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The original work is dated 1874 and is kept at the Metropolitan Museum of Art, MET, in New York. Edouard Manet represents a man and a woman on a sailboat during a trip on the water. The painting is made en plein air and could be called impressionist if there were no black brushstrokes. His expressionist style emerges, lightening his palette and his brush strokes.
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Fir wood frame with rounded edges of cm. 3.0 thickness
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Ready to hang
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Edges are finished on the sides
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Water and UV resistant canvas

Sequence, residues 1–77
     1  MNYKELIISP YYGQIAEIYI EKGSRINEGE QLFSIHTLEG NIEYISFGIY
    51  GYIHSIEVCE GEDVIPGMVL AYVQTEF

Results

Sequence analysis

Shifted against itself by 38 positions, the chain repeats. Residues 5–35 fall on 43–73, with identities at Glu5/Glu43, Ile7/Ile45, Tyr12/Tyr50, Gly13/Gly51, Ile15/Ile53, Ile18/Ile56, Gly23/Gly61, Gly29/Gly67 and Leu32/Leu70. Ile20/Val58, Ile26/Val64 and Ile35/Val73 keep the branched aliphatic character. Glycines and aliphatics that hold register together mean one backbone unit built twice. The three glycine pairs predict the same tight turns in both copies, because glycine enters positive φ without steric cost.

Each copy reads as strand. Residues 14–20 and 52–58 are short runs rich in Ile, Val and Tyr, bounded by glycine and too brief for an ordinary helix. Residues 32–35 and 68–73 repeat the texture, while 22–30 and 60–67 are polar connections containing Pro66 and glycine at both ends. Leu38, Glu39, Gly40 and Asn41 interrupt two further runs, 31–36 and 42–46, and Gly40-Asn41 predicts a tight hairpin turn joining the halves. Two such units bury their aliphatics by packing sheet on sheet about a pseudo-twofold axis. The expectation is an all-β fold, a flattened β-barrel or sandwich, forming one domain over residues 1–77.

The original work is dated 1874 and is kept at the Metropolitan Museum of Art, MET, in New York. This canvas is donated to the museum in 1929 after the death of Mrs. Louisine Havemeyer, widow of the wealthy industrialist Henry Osborne Havemeyer; the wealthy couple collected many works of art, including numerous Impressionist paintings, led by the American painter Mary Cassatt. Edouard Manet represents a man and a woman on a sailboat during a trip on the water. The painting is made en plein air and could be called impressionist if there were no black brushstrokes. The artist spends the summer of 1874 with his colleagues Monet and Renoir in Argenteuil. His expressionist style emerges, lightening his palette and his brush strokes. Manet filled the canvas with light, certainly influenced by his impressionist friends, but personalizing the composition. The influence of Japanese prints on this canvas is also noticeable in the sudden closure of the composition. The point of view is high, and the subject depicted is a moment of modern life. The identity of the man portrayed is attributed to his brother-in-law Rodolphe Leenhoff, brother of his wife Suzanne, but there are different opinions about it, while the identity of the lady is unknown.